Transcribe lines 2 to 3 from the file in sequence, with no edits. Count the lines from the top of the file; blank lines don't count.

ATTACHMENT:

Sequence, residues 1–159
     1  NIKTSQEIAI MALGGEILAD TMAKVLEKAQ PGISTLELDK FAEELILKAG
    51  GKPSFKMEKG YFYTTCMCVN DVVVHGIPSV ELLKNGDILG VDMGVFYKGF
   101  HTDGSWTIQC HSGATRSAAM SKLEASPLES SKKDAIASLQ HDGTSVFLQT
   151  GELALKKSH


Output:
     1  NIKTSQEIAI MALGGEILAD TMAKVLEKAQ PGISTLELDK FAEELILKAG
    51  GKPSFKMEKG YFYTTCMCVN DVVVHGIPSV ELLKNGDILG VDMGVFYKGF